Giants need a lot of training and socialization throughout their life, not just one or two basic obedience classes. While a Giant can do well with children if raised with them, they will also be able to outmaneuver and manipulate a young child all too easily. A Giant does not reach full adulthood until it is 3-4 years old and will continue to play with, bash into, and challenge his owners into the senior years. They are a strong and very physical breed—ask any Giant owner and they will show you their bruises. A Giant will pull you over if they decide to take off after the neighbor’s cat, bang into your nose as you are bending over, lay on top of you so you can not get off of the couch or out of bed, and knock you over when they go flying down the stairs or forget to stop on one of their rips (dashing madly around the yard or house).

If you think all dogs should be friends with EVERYONE, don’t get a Giant!!!! Giants are excellent watchdogs that will defend their family and home when necessary. Being a guard dog means that they will be aloof and cautious with strangers and in unusual situations. The more a young Giant is socialized and trained the better able he or she will be to judge whether someone is a friend or foe. A foe will be made to feel uncomfortable by being glared at, watched, and possibly growled or barked at by the Giant. You may have the friendliest, most outgoing Giant in the world, but you will still need to watch your dog at all times. If they perceive a serious threat to their family Giants can deliver a lightening fast, frightening, and very painful snap or controlled nip. This breed has amazing control and if properly socialized and trained will gauge their response accordingly. The bottom line is that this breed is a guard dog and if you expect it to be otherwise, don’t get a Giant!!!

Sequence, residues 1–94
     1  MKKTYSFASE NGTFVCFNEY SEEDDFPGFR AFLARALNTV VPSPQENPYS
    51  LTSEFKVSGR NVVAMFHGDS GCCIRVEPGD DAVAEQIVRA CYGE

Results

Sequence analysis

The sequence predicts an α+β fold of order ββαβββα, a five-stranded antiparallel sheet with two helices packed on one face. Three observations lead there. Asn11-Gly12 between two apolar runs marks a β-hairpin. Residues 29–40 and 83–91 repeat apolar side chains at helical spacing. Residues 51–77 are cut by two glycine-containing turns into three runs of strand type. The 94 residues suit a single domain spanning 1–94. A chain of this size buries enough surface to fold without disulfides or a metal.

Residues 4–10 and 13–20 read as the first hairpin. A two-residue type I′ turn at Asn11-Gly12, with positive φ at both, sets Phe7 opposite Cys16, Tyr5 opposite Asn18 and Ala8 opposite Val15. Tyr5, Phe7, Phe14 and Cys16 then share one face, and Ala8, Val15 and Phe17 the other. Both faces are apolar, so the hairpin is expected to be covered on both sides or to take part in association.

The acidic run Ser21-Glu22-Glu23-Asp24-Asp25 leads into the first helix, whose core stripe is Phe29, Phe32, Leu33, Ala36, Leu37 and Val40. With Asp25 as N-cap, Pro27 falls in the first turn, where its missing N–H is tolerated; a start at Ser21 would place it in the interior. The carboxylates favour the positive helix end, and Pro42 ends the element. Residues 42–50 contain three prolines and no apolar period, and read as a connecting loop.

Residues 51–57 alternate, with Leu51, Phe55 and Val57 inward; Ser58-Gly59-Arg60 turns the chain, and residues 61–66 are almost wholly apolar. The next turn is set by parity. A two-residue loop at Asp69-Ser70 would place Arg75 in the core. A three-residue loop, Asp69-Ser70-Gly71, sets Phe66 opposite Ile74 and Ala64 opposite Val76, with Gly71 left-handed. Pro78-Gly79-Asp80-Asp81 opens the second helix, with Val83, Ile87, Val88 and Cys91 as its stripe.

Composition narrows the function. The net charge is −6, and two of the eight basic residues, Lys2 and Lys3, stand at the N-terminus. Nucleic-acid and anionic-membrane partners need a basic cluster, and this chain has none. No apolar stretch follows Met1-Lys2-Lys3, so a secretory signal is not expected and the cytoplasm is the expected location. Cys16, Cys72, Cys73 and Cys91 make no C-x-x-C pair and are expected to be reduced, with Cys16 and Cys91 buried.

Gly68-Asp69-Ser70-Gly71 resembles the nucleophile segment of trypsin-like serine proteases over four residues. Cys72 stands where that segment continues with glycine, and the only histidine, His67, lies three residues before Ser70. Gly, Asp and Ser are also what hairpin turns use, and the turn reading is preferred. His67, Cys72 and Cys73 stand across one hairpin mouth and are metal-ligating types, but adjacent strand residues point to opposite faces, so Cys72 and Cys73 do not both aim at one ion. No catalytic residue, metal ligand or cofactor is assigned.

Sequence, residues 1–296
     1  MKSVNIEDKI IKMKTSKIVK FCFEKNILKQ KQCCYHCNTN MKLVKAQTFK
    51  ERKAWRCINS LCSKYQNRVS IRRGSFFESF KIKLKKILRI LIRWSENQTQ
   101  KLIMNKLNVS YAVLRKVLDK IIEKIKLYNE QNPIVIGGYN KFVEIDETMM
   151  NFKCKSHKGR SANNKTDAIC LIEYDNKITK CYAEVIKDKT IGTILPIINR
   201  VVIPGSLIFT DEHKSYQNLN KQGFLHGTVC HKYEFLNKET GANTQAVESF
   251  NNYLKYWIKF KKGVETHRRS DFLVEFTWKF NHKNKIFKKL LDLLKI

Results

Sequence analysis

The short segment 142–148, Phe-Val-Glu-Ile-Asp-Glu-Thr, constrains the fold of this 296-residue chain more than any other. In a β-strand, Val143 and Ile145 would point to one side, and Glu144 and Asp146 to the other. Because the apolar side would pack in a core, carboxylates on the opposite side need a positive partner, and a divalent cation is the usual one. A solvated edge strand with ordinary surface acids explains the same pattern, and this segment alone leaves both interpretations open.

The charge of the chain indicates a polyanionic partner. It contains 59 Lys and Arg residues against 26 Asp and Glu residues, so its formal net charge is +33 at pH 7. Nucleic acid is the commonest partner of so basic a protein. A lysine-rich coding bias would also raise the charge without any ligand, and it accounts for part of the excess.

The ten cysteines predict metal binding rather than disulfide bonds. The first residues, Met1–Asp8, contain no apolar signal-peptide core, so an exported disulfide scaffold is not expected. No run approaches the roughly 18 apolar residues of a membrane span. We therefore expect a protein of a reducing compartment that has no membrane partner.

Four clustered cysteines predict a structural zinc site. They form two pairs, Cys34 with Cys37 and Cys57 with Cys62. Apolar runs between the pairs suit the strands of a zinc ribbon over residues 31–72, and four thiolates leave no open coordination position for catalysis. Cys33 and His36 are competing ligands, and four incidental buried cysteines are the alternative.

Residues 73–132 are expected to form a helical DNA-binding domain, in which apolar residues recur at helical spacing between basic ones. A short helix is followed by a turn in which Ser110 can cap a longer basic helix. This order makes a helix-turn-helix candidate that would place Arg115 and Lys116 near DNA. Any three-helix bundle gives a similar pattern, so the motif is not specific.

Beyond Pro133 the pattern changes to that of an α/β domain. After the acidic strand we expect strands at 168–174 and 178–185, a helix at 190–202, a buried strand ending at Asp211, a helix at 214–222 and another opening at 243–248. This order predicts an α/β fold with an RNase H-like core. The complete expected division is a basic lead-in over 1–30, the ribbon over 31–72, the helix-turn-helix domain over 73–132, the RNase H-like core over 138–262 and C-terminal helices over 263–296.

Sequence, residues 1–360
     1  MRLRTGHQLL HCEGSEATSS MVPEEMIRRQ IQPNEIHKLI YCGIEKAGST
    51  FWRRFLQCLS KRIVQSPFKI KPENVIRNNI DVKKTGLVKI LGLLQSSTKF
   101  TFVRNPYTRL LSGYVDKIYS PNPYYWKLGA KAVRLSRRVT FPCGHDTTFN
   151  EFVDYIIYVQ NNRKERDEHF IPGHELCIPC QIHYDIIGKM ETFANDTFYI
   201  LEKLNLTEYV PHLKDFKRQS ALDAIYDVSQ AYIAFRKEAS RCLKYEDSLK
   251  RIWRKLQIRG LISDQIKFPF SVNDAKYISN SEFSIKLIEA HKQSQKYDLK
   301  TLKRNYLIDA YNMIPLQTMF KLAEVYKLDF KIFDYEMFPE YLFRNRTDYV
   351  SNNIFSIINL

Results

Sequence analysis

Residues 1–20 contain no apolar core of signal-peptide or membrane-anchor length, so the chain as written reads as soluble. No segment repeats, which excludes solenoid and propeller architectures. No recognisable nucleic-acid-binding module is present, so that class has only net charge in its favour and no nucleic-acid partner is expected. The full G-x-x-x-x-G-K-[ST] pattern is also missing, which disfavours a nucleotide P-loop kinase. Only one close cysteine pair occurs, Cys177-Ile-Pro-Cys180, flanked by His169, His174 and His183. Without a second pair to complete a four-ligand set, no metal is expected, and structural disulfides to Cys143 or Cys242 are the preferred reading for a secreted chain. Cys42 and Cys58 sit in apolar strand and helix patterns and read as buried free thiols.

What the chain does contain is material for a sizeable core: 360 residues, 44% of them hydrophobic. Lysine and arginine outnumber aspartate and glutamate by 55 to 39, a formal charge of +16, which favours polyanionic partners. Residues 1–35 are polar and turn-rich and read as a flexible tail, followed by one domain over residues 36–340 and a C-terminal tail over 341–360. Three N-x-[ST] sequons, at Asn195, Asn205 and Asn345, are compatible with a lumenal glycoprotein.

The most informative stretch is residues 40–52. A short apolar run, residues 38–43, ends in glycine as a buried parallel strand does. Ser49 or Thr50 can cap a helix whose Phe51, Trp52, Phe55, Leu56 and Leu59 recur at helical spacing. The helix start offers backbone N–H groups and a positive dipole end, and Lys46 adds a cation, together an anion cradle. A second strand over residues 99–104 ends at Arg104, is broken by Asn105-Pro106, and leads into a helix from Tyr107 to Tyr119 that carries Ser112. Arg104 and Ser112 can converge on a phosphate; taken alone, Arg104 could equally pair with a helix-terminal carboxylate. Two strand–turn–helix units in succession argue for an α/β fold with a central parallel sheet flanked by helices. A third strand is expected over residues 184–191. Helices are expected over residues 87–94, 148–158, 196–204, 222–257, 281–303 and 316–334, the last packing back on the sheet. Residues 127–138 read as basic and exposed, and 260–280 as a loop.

If you think that your Giant should be friends with other dogs or pets, don’t get a Giant. Many Giant owners are impressed at how well their Giant puppy does with other dogs, however, once that puppy hits the teenage stage its natural protection and working tendencies begin to develop and to be expressed. This is a dominant and terrier-like breed that may not tolerate another dog that is acting inappropriately. Their main purpose in life is to work alongside their human companions, not to romp frivolously with strange dogs. Giants are also very selfish when it comes to their owners and may not do well sharing attention with other pets. Giants were originally developed as an all-around farm dog, which means they are rodent exterminators by nature and as a result, Giants do have a high prey drive and some are not suited for homes with smaller animals of any kind.